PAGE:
This post is sponsored by Vouch
You’re mindlessly scrolling through your Instagram feed when you see a new post from one of your close friends.
They are posing outside with their significant other, and immediately, your eyes are drawn to your friend’s sneakers.
You click the photo to see if they tagged the brand, and you see that the shoes are made by an athleisure company you haven’t heard of before.
You decide to shoot your friend a DM and ask about the shoes.
“They’re the BEST,” your friend messages back. “I literally have been wearing them everywhere, and I get so many compliments!”
Your friend sends the link to the exact pair on the brand’s website, and you instantly click it.
You check if the shoes are available in your size and see that they are in stock!
You add the shoes to your cart and hover your mouse over the checkout button.
What do you do?
In today’s edition of Why We Buy, we’re taking a look at Social Proof – why we take cues from others.
Let’s get into it…
When you hear a buyer speak, you have the opportunity to gain even deeper insight into their priorities, pain points and the words they use to describe them.
Vouch is a video platform that allows you to collect these insights easily, for free and at scale. So you can turn sporadic research campaigns into an always-on part of your workflow.
Check out the questions Katelyn suggests to help you get closer to your customer, and sign up for free to start capturing authentic buyer research that’ll help sharpen your strategy.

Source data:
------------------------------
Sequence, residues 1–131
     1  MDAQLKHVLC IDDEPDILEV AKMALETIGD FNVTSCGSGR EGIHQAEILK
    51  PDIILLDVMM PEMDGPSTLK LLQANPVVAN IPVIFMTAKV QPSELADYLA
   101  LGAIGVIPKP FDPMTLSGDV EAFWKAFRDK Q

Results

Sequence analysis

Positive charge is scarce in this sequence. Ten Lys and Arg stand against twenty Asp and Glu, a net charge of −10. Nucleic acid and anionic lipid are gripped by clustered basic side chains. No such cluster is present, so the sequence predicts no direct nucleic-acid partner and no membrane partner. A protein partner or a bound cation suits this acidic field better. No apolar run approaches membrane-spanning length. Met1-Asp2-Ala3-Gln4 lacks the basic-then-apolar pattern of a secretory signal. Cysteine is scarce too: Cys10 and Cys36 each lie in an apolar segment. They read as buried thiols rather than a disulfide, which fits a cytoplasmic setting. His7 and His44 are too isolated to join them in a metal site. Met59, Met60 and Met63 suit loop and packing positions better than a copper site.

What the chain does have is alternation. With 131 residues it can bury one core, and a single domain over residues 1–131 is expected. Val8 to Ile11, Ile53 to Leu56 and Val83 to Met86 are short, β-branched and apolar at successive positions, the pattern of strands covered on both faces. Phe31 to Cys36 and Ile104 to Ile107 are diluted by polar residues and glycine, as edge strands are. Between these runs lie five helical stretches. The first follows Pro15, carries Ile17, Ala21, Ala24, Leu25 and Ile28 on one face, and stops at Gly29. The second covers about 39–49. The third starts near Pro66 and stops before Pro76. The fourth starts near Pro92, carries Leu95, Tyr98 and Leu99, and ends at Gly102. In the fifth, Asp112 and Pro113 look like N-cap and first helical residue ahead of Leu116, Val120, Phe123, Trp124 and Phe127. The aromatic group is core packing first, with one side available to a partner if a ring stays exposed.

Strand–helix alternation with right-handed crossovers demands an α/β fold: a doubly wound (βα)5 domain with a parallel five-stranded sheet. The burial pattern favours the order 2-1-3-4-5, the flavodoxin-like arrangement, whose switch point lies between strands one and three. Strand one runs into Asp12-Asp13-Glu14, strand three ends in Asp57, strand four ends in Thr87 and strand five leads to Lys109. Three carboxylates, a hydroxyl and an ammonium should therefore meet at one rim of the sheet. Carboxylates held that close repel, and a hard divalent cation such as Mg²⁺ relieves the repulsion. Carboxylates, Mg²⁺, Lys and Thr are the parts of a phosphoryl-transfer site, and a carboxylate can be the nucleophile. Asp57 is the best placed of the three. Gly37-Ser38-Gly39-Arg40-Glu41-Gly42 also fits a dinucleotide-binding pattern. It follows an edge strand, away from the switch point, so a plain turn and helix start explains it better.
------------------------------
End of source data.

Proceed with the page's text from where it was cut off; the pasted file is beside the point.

The Psychology of Social Proof 🧠
Social proof is a psychological phenomenon where people look to others to help them make better decisions or adopt the right behaviour.
When we’re uncertain about what to do, we assume that the people around us (experts, celebrities, friends, etc.) know more about what’s happening and what should be done.
There are 6 categories of social proof that people respond best to:
- Celebrities (paid or unpaid)
- Users (past and present)
- Wisdom of the Crowd (approval from a large group of people)
There are likely plenty more, but these six categories can apply to nearly every industry.
Inside Your Buyer’s Mind🧐
Humans are always looking for social cues to help guide our decisions so that we can fit in with our peers.
When harnessed, Social Proof can be a powerful addition to any marketing or sales campaign.
Just like a kid showing off to their mother, buyers seek approval for the decisions and actions they’re taking.
Showing proof that others have bought and enjoyed your product will ease your buyer’s mind.
How To Apply This 🤑
Alright, so how can we apply this right now to sell more?
Aside from testimonials and user-generated content, there are 3 less common ways your brand can leverage social proof more creatively.
Share real, raw feedback
Buyers want honest opinions on your products — including negative reviews. Having a 4.5/5 star rating is more believable than a 5-star rating. The same applies to reviews. Sharing your negative reviews shares your humility-based understanding that your products aren’t for everybody.
Instead of being fearful that people would see the negative review on this book, Dave Gerhardt highlighted it. He turned the review into a tweet that promoted his book. Sharing the raw feedback from an unhappy customer creates a realness for Dave’s brand that adds trust to his image.